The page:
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April 16, 2008

Suzanne Vega on Songwriting


from New York Times Online


April 15, 2008, 9:27 pm
Teen Beat

By Suzanne Vega

When I was a teenager, I used to have a neat sort of formula for writing songs. It worked over and over, and I got about 60 songs out of it. Now it doesn’t work so well, and I am forced to write in all different ways. But what worked for so long was this:

I would start to write a song sometime late Saturday afternoon. Then, after dinner, when everyone in my family was doing other Saturday-night things, I would go into my room by myself and fool around with the guitar for several hours, usually managing to hammer out some kind of idea. In those days the chords came first, and they depended on what I was singing about. Then the melody, and lastly the lyrics.

Each chord told a piece of a story, and by putting the chords together in a certain way you had a musical narrative. Major chords = happy. Minor chords = sad. Sevenths were sort of sexy and bluesy. Augmented and diminished chords were spooky and spiritual, so I had a lot of those.

Most of the time I didn’t know the names of the chords or what kinds of chords they were; I learned that later when I worked with a band and producers. But in the beginning I worked from a book called ”Pop Songs of the Sixties” that had little pictures of the fretboard and showed where to put your fingers. (Actually, I have never learned to read music and still don’t to this day. I have always depended on the kindness of arrangers! Hahaha.)

So I would string together a few chords that worked with whatever the idea at hand was, or whatever the mood of the day was. And then repeat them. The chords made a safe home for the melody, a bed for the melody to lie down on, sort of. So you had to shape the melody to the chords in some cool way. The idea that a melody could be its own clear idea didn’t really occur to me until much later. Melodies have always been hard for me. What I love is rhythm.

A digression: Recently I was asked by the producer Hal Willner to sing “Cruella de Vil” at a fund-raiser. I was already going to sing “Stay Awake.” (This was a 20th-anniversary concert for the album “Stay Awake: Various Interpretations of Music from Vintage Disney Films.”) I jumped at the chance. I would much rather be Cruella de Vil than Mary Poppins. I showed up to rehearsal and the band began to play. I sang what I remembered of the song. It’s a pretty well known song, and you could probably hum some variation of it yourself if you wanted to.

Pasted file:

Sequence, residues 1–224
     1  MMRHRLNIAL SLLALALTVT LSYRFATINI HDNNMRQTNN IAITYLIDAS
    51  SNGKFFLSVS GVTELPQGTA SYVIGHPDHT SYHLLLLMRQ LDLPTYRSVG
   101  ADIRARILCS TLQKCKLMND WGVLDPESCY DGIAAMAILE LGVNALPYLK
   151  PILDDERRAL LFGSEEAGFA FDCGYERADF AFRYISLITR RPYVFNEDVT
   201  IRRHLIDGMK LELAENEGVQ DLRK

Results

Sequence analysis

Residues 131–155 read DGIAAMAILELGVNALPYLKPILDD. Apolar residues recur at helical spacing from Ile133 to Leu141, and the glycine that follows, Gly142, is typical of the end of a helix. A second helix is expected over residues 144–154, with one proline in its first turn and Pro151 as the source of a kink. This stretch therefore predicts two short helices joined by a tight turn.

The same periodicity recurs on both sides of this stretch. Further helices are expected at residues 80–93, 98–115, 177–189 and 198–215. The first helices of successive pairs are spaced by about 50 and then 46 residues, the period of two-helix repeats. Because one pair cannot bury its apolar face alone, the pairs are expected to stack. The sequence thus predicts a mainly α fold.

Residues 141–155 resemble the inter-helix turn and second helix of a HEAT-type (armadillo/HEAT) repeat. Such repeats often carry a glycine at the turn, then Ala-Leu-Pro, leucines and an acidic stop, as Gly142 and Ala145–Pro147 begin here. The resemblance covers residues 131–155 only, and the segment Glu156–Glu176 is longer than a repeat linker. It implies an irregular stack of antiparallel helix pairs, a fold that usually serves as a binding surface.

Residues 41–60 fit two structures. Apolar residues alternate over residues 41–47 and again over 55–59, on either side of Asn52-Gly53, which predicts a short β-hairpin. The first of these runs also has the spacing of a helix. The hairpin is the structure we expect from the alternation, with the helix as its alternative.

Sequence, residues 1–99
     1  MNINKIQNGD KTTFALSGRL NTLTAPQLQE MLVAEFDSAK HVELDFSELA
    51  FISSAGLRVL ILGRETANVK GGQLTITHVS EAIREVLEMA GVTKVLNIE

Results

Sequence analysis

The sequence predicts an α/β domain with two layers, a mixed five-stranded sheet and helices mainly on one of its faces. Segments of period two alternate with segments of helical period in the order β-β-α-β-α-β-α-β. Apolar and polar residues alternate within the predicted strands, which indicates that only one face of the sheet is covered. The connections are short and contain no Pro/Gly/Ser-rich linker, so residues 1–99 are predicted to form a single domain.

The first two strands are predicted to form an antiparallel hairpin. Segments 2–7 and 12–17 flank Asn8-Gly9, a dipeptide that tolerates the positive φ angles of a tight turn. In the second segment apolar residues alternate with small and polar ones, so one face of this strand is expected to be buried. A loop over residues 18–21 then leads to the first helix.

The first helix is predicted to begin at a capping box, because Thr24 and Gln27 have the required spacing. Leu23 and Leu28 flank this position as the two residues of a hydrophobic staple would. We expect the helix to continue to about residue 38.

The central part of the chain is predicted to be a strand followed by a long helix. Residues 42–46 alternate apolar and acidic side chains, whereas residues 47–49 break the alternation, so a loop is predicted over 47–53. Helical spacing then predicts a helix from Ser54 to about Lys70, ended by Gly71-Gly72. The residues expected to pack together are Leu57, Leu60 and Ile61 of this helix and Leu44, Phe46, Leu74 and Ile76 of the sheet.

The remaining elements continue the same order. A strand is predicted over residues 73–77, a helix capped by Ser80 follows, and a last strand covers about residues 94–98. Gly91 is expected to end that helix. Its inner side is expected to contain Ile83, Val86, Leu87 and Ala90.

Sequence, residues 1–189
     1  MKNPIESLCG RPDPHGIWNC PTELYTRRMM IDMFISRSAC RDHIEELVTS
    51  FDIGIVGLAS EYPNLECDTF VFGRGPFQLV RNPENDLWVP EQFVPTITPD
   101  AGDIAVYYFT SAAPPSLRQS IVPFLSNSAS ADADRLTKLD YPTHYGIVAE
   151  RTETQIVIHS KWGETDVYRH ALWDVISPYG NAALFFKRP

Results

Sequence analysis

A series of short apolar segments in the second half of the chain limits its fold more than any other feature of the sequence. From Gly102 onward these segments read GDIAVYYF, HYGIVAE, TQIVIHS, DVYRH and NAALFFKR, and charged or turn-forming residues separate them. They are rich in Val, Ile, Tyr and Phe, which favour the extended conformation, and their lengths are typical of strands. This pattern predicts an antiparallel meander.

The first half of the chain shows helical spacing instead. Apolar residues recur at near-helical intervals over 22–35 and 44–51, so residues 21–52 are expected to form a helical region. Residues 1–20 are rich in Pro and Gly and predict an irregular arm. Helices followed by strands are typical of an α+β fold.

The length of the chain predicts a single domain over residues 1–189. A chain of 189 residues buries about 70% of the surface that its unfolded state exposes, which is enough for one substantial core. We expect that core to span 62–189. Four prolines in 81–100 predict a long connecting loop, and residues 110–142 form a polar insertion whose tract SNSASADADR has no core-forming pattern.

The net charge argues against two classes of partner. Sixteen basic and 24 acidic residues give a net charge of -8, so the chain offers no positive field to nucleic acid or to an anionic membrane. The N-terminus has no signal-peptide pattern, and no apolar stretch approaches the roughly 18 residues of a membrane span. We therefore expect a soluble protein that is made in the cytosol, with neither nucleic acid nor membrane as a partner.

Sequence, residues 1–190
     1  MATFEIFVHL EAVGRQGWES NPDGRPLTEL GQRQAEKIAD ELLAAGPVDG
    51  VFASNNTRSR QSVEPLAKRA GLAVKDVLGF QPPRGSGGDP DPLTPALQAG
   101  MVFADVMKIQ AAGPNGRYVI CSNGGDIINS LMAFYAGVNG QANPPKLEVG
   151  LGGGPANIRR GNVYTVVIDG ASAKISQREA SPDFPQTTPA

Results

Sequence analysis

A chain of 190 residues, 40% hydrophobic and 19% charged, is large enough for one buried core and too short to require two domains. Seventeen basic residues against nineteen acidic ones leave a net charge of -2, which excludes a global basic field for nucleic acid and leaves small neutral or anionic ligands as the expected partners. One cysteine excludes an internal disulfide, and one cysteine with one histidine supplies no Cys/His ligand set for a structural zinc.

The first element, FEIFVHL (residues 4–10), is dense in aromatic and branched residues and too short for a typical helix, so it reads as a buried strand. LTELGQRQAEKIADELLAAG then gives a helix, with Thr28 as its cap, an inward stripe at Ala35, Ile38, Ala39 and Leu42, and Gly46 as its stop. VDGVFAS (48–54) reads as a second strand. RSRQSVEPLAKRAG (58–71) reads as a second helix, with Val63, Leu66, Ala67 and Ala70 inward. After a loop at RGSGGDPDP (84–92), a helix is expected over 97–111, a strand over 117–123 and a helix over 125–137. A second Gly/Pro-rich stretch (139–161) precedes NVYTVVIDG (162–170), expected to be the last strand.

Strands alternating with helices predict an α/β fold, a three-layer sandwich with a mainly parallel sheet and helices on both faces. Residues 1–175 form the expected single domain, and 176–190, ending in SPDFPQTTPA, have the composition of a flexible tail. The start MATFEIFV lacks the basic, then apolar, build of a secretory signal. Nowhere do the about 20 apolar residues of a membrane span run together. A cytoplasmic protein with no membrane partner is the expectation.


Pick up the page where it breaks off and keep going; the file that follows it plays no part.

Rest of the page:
“Actually, Miss Vega, according to this chart right here, the melody goes like this,” said the guitar player, playing it for me crisply. Part of me wanted to shout, “Who cares? You know what I meant!” But that was not the intention of Mel Leven, who wrote the lyrics and melody, that I just hurl forth some approximation of his notes because I couldn’t remember the beginning.

It occurs to me that a melody is as precise and inviolate as a skeleton. You can vary it a little, but not much, really, if you want it to be recognizable. And that particular melody is a wonderful mix of dangerous unresolved intervals and jazzy light hearted vaudeville. Ultimately, we all decided that if I spoke the beginning, that would work dramatically.

But back to the teenage formula. Usually I would get say 80 percent of it done on Saturday night. I would work until about 1:00 in the morning. Most of the time there was a piece eluding me that I would sleep on. Maybe it was a final lyrical detail. Maybe it was a chord in the bridge that had to go somewhere unexpected. What I found was that by sleeping on it, some dream logic would creep into the song and give it an extra sparkle.

Now it’s different. I don’t have the hours at home that follow one after the other. I can’t imagine working from 8:00 until 1:00 in the morning without some kind of interruption, and when I wake up on Sunday morning I am not running over to the guitar to see what the missing piece was. Usually I am thinking, “Where’s Ruby? What does she have to do today?” (Ruby is my daughter.) Or answering the phone or staring at my husband in his sleep.

What worked for the last album was getting out of the house. I was having so much trouble concentrating at home (”I need to clean the closets!”) that I hired an engineer (Britt Meyers) to come to my house to work with me for three hours a day, three times a week. Those first days were agony, and when I sang the opening lines of “Bound” to Britt for the first time, I felt as though something crazy and weird were coming out of my mouth, like snakes. Now it is a real song, and though I still sing it with heartfelt emotion, it feels finished. But any song in the beginning is raw and uncooked and wobbly.

Eventually Britt persuaded me to come down to his studio to work, and we got a lot done. In fact much of the last album was created there at Great City Productions. So this year, when I came off the road, I thought, “Great! Let’s get right back to work!” — and booked myself a bunch of studio time. Which now I have been steadfastly avoiding. I mean, I had jury duty and everything. But we have two days booked at the end of this week. So let’s see what comes slithering out.


Posted by will at April 16, 2008 03:07 PM


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